Objective: To assess recent national trends in mental health care provided by office-based psychiatrists and primary care physicians.
Method: Trends in mental health–related visits to psychiatrists and primary care physicians are evaluated with the 1995–2010 National Ambulatory Medical Care Surveys. Rates and percentages of visits with mental health complaints, mental disorder diagnoses, psychotropic medications, and psychotherapy or mental health counseling were calculated for 1995–1998, 1999–2002, 2003–2006, and 2007–2010 by dividing the number of visits of a given type by intercensal population estimates.
Results: Between 1995–1998 and 2007–2010, a significant increase occurred in the rate per 100 population of primary care visits with mental health complaints (5.96 to 8.49) (OR = 0.45; 95% CI, 0.33–0.62, mental disorders (8.75 to 13.23) (OR = 1.40; 95% CI, 1.26–1.56), and psychotropic medications (11.08 to 26.74) (OR=3.43; 95% CI, 2.16–2.71). Significant corresponding increases occurred in psychiatrist visits with psychotropic medications (5.28 to 7.85) (OR = 2.25; 95% CI, 1.49–3.41), but not mental disorders (7.60 to 8.95) (OR = 0.87; 95% CI, 0.34–2.23), and the rate with mental health complaints significantly declined (5.87 to 5.20) (OR = 0.45; 95% CI, 0.33–0.62). During this period, the percentages of visits to primary care physicians that included prescriptions for antidepressants (interaction P = .0001), antipsychotics (interaction P = .03), and anxiolytics/hypnotics (interaction P = .0009) increased significantly faster than the corresponding percentages of visits to psychiatrists. A similar pattern occurred for visits that resulted in a bipolar disorder diagnosis (interaction P = .01).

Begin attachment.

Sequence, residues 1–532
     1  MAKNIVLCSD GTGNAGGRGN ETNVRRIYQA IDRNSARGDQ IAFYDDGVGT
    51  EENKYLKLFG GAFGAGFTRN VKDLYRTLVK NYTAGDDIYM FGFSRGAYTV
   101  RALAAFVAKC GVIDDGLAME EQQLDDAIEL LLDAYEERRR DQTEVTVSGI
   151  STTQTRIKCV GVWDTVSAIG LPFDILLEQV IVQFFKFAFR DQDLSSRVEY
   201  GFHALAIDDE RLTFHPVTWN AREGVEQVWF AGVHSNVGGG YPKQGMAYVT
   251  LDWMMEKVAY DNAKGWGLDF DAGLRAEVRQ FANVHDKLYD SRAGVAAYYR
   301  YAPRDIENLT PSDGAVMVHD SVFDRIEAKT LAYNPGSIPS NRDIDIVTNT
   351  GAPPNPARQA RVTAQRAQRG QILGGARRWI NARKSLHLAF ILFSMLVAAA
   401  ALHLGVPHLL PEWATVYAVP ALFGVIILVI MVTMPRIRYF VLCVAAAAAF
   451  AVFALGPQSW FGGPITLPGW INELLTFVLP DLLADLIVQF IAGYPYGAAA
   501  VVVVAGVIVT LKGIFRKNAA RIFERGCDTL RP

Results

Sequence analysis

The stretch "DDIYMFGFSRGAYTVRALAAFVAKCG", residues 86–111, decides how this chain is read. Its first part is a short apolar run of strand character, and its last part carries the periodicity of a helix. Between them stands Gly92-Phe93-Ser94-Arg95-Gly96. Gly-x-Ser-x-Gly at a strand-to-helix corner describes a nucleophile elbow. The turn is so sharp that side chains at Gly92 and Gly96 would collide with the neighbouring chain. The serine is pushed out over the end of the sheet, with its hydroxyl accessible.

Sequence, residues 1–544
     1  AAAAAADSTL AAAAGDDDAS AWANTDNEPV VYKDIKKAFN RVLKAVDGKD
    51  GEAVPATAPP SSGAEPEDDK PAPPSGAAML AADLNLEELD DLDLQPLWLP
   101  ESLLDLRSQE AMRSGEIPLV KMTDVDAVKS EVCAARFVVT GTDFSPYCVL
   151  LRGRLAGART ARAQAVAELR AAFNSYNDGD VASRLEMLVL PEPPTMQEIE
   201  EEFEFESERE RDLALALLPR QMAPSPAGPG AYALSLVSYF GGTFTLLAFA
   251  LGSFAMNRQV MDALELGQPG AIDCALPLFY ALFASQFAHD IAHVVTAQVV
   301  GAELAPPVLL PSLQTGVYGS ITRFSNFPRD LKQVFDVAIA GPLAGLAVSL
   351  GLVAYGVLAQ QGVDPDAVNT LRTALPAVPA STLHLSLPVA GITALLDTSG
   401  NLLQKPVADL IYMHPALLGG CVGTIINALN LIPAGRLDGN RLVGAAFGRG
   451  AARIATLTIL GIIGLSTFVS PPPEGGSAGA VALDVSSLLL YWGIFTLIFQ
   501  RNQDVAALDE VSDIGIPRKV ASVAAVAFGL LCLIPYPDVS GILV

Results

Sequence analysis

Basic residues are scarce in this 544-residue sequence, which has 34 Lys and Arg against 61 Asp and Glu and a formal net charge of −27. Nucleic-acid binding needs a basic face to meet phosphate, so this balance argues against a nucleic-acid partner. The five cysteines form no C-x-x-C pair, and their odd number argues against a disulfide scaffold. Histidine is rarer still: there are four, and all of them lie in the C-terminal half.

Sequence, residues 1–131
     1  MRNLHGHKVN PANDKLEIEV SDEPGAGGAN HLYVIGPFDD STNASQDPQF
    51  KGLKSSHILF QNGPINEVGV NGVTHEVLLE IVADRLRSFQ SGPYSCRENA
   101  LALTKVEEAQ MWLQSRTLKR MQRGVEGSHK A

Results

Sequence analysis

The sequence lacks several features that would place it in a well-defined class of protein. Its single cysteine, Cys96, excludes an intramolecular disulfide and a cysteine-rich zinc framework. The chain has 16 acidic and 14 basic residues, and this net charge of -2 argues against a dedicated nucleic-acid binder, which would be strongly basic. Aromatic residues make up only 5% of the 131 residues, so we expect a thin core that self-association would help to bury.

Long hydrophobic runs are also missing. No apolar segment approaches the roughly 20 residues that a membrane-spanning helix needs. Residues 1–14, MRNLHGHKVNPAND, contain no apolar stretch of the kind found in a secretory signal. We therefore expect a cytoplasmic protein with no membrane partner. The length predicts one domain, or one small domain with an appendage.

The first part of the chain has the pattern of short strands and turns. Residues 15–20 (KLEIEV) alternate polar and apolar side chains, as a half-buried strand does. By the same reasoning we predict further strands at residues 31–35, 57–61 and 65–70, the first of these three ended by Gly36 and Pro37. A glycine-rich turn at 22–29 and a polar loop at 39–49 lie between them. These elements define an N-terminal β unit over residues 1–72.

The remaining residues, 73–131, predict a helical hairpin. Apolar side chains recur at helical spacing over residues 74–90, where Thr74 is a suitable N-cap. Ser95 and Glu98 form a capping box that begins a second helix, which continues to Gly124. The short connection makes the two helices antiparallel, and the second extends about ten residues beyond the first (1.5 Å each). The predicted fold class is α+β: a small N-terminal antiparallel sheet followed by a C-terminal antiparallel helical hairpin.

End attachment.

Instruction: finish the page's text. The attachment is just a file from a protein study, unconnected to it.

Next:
Conclusions: In recent years, office-based primary care physicians have significantly increased their involvement in providing mental health care. These trends underscore the importance of collaboration between primary care physicians and psychiatrists to help ensure provision of high quality outpatient mental health care.
J Clin Psychiatry 2014;75(3):247–253
© Copyright 2014 Physicians Postgraduate Press, Inc.
Submitted: October 8, 2013; accepted December 30, 2013 (doi:10.4088/JCP.13m08834).
Corresponding author: Mark Olfson, MD, MPH, Department of Psychiatry, New York State Psychiatric Institute Unit 24, Columbia University, 1051 Riverside Drive, New York, NY 10032 (email@example.com).